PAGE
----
Monday, March 25, 2013

Husserl's account of intentional experience

To: Matthew M.
From: Geoffrey Klempner
Subject: Husserl's account of intentional experience
Date: 9th September 2009 10:17

Dear Matthew,

Thank you for your email of 30 August, with your essay towards the Associate Award, in response to the question, ''Each intentional experience is either a presentation or based on a presentation.' How does Husserl deal with this statement in his Logical Investigations?'

It is obvious that a lot of work has gone into writing this essay, and that you have made a determined effort to grapple with Husserl's arguments in his 'Logical Investigations'.

My main problem with the essay in its present form is that in the attempt to condense Husserl's extended discussion into a 2000 word essay, you have produced something more like a precis rather than an exposition and critique, with the result that the text is dry to the point of being inpenetrable.

One of the criteria for essays submitted for the Associate Award is that they should be accessible to the non-expert reader (provided, of course, that the reader prepared to make sufficient effort). As you know, successful essay portfolios are archived on the Pathways web site. Students or people interested in philosophy should be able to browse through the web pages and not feel that they are totally out of their depth.

That is not the only reason: from my experience, the challenge to explain the problems and issues in an accessible way results in better work. You will be asking yourself harder questions, because you will need to stand back from the debate and ask yourself what it all amounts to, why is it important, what are the wider consequences of taking a particular view.

If you look at the essay portfolios archived at http://www.philosophypathways.com/essays/ you will see that it is possible to do this without sacrificing academic rigour.

You may be interested to know that I also have a number of external students studying towards the University of London BA. This year three of my students gained results in the 70's (a 'First') for their end of year exams (BA modules). The essays my BA students write for me are responses to questions from past examination papers, as with the Associate around 2000-2500 words in length. None of my BA students has ever sent me an essay as dense as the one you have written. So I am not just talking about an idiosyncratic feature of the Associate Award.

So far, I have talked about exposition. In your essay, I do not detect even the slightest hint of critical evaluation of Husserl's arguments. Are you fully in agreement with what Husserl says? If not, where do you part company? How fair is Husserl's assessment of Brentano's position? Are they, in fact, seeking to answer exactly the same question(s) or is Husserl proposing a shift in the terms of the debate?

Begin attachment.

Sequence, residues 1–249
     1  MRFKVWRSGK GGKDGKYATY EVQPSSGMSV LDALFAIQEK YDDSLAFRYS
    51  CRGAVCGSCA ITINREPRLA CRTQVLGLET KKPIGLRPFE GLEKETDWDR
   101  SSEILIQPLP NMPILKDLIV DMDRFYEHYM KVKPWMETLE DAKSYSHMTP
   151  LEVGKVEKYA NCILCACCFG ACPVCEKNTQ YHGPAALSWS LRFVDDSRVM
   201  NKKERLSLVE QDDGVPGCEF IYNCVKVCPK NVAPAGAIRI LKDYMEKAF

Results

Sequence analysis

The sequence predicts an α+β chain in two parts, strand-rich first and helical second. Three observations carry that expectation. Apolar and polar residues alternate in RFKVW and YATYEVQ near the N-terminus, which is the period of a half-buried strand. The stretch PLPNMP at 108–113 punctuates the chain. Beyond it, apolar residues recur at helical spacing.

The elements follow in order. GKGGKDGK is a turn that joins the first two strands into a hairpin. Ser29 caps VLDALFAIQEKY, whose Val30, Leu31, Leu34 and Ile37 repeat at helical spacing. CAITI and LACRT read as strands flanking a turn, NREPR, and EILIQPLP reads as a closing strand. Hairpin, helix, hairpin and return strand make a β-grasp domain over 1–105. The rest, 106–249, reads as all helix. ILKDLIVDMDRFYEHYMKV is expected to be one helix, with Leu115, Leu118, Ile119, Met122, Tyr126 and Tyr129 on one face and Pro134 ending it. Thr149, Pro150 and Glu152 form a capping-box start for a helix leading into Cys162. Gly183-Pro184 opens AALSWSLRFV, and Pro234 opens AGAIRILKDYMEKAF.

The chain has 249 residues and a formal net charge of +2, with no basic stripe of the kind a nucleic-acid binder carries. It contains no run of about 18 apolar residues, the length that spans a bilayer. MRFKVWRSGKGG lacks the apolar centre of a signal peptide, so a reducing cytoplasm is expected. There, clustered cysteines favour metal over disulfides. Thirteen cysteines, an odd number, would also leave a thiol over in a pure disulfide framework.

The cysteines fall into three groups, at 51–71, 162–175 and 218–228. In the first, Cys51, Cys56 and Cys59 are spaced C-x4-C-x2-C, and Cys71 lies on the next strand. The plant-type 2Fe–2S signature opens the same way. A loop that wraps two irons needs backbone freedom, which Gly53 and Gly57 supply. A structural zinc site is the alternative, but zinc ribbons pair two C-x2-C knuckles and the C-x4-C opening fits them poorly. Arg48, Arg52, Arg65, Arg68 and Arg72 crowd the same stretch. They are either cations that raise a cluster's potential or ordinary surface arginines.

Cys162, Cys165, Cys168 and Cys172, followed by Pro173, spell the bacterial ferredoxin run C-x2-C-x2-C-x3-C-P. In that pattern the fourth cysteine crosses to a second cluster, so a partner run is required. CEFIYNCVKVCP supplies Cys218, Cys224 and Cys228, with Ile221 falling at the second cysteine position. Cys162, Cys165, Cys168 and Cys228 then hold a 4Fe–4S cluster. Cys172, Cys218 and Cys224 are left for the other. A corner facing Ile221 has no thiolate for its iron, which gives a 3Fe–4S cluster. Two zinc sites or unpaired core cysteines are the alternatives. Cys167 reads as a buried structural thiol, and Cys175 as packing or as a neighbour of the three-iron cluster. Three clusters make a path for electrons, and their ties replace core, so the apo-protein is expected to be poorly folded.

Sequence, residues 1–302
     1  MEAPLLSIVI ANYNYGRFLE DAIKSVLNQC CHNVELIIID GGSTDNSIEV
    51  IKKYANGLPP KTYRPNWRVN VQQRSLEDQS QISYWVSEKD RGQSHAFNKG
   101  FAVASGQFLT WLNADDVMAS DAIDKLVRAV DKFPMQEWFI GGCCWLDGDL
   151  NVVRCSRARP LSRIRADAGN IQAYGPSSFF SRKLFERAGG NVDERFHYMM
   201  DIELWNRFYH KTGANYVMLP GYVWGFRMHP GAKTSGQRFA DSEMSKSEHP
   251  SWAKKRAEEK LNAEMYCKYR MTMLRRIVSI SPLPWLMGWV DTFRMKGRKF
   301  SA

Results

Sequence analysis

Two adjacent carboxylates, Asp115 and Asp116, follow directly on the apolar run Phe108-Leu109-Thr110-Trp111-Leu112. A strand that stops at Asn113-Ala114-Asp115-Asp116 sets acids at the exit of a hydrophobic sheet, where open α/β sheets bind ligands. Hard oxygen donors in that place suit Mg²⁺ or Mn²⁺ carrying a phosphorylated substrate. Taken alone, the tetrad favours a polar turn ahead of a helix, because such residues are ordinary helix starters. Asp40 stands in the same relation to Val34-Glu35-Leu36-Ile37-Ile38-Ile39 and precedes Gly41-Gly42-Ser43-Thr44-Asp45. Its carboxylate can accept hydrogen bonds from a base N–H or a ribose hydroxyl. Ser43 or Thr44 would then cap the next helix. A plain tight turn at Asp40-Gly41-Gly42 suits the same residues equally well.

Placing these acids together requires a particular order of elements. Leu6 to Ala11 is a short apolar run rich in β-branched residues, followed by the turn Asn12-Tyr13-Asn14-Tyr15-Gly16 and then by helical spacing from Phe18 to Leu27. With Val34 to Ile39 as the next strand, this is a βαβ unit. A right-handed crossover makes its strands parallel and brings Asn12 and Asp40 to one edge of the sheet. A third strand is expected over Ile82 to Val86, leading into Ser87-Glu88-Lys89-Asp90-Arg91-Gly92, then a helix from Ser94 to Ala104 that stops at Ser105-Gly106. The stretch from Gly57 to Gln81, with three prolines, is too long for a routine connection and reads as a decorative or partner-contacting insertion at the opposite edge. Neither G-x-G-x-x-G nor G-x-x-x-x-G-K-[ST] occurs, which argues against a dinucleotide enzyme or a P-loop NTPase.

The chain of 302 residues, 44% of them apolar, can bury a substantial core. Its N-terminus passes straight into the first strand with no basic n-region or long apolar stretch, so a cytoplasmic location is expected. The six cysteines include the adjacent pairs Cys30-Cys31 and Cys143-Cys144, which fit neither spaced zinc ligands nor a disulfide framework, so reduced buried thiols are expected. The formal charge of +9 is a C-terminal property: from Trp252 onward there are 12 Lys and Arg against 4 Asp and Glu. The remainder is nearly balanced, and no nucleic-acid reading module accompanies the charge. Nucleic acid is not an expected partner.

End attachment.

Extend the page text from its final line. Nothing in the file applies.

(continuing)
In order to take a critical stance, you have to do more than simply write a paragraph precising Husserl (in the style which you have used here) and then giving your response. Explaining the point of a particular philosopher's approach to a problem is an essential part of developing a critical evaluation of that philosopher's views.

In BA examination questions, even when the question takes the form, 'Explain what so-and-so thinks of such-and-such', candidates are expected to offer critical analysis as well as simply expounding on what so-and-so thinks of such-and-such.

To give an example: As a reader, the first thing I want to know is WHY does Brentano claim that each intentional experience is either a presentation or based on a presentation? Why is that claim intuitively appealing, or why does it seem to follow from Brentano's starting point of regarding psychical phenomena as possessing a unique quality ('intentional inexistence') which sets them apart from other phenomena?

Having hooked the reader on this initially plausible idea, you can then go on to explain why Husserl finds Brentano's claim problematic: what exactly has Husserl seen that Brentano missed? How does Husserl's treatment of intentional acts improve on that of Brentano?

You said that you only 'managed to write' 2000 words. You could easily spend another 500-1000 words explaining what is going on, identifying the key questions in play, giving some sense of why Husserl thinks that his conceptual distinctions hang together in the form of a much more powerful and comprehensive theory than the one which Brentano offers.

The upper limit, by the way, stretches to 3500 words, although 2500 is still the preferred target length.

All the best,

Geoffrey